Since the release of Toy Story (Lasseter, 1995) Pixar Animation Studios has become renowned for creating films that are both commercially successful and critically acclaimed. Collectively, Toy Story and its sequels have grossed over 1.9 billion dollars worldwide, and are considered one of the most celebrated trilogies of all time. Since 2001, when the animated feature film category was introduced, Pixar has been nominated nine times and won a total of seven Academy Awards, more than any other animation studio. In addition, the studio has received numerous awards for its innovative technological advancements in digital animation, developing software that is now the industry standard for CG animation and visual effects in live action filmmaking. However, having portrayed male characters in lead roles 13 out of 14 times (as of 2014), the studio has suffered criticisms over an apparent gender problem. Brave (Andrews and Chapman, 2012) is distinguished as the first Pixar film to feature a female protagonist, yet has been criticised for its fairy tale narrative that echoes contemporary Disney princess plots. Although Pixar’s princess subverts some of the more traditional Disney princess characteristics, the fact that the studio chose to present its first female protagonist as a princess further highlights the disproportionate representation of gender within Pixar’s feature films.

With the exception of Brave every Pixar film is androcentric, although the male characters portrayed by the studio challenge the conventions of men as strong, unemotional heroes. Ken Gillam and Shannon Wooden suggest the ‘post-princess Pixar is a different place for male protagonists’ (2008, 3), which challenges the alpha-male model. The male protagonists in Toy Story, The Incredibles (Bird, 2004) and Cars (Lasseter and Ranft, 2006) develop from the alpha-male persona they project, to a gradual understanding of contemporary perceptions of masculinity. The characters experience emasculating failures, bonds of male friendship and an appreciation of “feminine” values. It is interesting to note that although strong female characters are present in these films it is ultimately the protagonists’ friendships or rivalries with other male characters that spark the change and development of each protagonist. Although Pixar writes ‘strong and varied female characters… portraying women as cowgirls, chefs, superheroes and professionals’ (Decker, 2010, 55), female characters are always shown in relation to their male counterparts, categorized as the love interest, the helper or the carer.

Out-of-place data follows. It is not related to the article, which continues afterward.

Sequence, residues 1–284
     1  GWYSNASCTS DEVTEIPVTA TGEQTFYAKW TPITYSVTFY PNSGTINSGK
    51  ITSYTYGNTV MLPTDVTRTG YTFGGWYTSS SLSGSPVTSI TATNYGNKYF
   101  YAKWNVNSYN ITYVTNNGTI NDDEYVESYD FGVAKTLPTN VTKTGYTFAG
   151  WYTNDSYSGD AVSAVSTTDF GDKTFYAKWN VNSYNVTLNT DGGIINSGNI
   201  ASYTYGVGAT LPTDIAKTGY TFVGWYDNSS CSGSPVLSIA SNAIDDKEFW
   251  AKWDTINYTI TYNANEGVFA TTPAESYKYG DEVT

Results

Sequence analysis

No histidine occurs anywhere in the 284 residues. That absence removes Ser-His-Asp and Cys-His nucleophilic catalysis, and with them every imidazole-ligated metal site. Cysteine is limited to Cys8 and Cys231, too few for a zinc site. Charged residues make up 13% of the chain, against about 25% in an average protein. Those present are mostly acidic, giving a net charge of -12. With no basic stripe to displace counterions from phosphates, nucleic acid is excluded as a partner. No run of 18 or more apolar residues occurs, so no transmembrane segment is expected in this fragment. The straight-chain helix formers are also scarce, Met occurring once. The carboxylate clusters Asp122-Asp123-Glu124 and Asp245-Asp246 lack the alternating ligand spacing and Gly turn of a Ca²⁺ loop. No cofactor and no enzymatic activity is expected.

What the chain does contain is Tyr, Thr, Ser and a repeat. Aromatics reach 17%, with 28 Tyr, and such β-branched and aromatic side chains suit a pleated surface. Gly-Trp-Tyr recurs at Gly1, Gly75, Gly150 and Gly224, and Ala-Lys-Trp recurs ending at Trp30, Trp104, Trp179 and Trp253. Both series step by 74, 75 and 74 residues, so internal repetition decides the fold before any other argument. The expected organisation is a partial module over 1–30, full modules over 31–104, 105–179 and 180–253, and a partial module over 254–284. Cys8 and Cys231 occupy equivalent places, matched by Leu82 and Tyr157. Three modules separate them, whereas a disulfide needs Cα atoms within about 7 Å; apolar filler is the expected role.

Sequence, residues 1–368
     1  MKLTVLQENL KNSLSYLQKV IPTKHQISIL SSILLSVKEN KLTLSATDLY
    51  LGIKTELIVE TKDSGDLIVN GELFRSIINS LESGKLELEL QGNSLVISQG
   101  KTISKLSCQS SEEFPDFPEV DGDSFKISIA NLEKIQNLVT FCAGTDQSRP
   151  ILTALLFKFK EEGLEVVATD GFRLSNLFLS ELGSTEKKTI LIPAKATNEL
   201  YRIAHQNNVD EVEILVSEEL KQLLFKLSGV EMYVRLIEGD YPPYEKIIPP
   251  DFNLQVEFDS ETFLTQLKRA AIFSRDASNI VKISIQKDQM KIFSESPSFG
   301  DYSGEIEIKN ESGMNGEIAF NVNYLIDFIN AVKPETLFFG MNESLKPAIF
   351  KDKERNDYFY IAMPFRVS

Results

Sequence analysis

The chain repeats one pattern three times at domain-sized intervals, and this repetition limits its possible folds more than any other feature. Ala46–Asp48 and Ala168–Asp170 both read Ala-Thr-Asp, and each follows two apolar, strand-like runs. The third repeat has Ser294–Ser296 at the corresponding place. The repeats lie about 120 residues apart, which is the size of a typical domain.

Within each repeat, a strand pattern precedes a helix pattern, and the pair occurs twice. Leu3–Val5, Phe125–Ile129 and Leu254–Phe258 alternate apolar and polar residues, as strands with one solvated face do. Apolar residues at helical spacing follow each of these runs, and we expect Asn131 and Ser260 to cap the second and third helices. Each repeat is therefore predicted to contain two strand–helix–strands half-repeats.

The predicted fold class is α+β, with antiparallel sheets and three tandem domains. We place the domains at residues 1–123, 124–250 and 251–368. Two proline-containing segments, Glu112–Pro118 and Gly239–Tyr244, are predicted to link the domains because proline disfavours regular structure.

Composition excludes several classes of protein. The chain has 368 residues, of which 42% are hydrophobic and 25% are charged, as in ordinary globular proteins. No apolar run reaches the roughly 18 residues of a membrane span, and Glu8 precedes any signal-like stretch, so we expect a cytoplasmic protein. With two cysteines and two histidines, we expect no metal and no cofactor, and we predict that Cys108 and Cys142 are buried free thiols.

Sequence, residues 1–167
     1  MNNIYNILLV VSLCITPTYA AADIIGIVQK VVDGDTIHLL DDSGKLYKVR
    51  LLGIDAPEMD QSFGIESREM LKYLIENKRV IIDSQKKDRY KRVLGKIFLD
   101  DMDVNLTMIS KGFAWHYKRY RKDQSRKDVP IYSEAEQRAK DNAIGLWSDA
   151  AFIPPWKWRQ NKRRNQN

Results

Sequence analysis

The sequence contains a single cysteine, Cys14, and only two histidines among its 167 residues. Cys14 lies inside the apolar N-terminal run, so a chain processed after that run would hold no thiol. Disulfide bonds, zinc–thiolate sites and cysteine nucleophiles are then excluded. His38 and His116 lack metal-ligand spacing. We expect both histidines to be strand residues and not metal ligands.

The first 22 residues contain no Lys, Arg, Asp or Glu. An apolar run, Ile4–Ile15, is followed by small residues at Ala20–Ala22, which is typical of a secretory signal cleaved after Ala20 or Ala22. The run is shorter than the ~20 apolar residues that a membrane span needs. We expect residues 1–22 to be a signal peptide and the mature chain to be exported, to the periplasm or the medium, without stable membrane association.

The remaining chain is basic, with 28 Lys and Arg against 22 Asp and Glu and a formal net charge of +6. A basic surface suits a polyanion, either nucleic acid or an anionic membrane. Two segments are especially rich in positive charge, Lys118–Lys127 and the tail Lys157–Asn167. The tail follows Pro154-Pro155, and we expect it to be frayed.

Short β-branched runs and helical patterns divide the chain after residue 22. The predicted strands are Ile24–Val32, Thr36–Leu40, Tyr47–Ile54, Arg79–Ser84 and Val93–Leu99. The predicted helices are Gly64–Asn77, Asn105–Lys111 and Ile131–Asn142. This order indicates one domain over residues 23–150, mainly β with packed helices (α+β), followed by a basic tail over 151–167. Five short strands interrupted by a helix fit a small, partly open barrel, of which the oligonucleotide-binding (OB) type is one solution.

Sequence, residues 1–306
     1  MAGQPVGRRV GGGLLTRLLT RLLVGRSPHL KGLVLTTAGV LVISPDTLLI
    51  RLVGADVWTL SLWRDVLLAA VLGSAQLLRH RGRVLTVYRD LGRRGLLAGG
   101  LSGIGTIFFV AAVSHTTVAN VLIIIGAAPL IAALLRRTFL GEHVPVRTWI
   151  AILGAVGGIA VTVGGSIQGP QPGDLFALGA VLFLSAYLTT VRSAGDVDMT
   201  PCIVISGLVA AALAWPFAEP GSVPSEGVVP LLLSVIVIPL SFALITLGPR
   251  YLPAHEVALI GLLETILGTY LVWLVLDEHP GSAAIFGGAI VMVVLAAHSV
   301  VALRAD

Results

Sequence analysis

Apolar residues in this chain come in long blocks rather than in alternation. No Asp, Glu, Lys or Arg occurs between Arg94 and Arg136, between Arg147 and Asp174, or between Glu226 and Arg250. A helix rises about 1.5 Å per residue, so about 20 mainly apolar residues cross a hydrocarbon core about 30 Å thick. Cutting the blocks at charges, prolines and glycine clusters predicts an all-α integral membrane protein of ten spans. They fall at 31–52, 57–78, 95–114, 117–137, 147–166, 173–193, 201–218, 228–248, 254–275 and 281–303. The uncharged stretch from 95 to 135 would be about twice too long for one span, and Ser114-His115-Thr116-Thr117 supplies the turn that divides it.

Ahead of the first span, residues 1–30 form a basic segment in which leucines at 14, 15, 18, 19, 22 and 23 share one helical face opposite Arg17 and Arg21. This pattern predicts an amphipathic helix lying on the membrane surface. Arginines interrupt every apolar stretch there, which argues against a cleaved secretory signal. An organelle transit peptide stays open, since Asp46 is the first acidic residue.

In 2008 following the announcement of Brave, many criticised the studio for making their first female protagonist a princess, stating they were supporting the ‘notion that female heroines only exist in fantasy worlds’ (Nolan, 2009). Adding that as a princess she would not be able to compete with the varied male protagonists of Pixar’s past. The film in many ways follows the conventions outlined by Disney’s princess narratives, such as the presence of magic and royal betrothal. However, it opposes the most common characteristics present in these films, as Brave ends with Merida neither falling in love nor being rescued. Merida is portrayed as a not-so-typical princess, who is seen enjoying the landscape and nature, riding her horse and perfecting her accomplished archery skills. Following the acquisition of Pixar by the Walt Disney Company in 2006, I propose that Brave represents the creative collaboration between the two animation studios by paying homage to Disney’s long-standing fairy tale princess tradition.

A great emphasis has been placed on Pixar’s princess for “breaking the mould” of Disney’s classic princesses, which has in turn influenced a more progressive depiction of princesses in Disney’s most recent and largely successful animated feature, Frozen (Buck and Lee, 2013). Finally, it is worth noting that Pixar’s forthcoming features Inside Out and Finding Dory centre on female-driven narratives that do not concern fairy tale plots.


Helen Haswell is a PhD Candidate in Film Studies at Queen’s University Belfast. Her current research focuses on the brand identity of Pixar Animation Studios, which has been challenged following the studio’s acquisition by The Walt Disney Company in 2006. Her research interests include the development of CG technology, film marketing and distribution.



Works Cited

Andrews, Mark. Chapman, Brenda. Brave. 2012.

Bird, Brad. The Incredibles. 2004.

Buck, Chris. Lee, Jennifer. Frozen. 2013.

Decker, Jonathan. The Portrayal of Gender in Disney-Pixar’s Animated Films: A Content Analysis of Gender-Role Variables in Pixar’s Ten Feature-Length Films from Toy Story (1995) to Up (2009). LAP Lambert Academic Publishing, 2010.

Gillam, Ken. Wooden, Shannon R. ‘Post-Princess Models of Gender: The New Man in Disney/Pixar’. Journal of Popular Film and Television. 36.1. 2008. 2-8.

Lasseter, John. Toy Story. 1995.

Lasseter, John. Ranft, Joe. Cars. 2006.

Nolan, Erin. ‘Pixar’s Gender Problem’. (2009). Accessed 2013: <>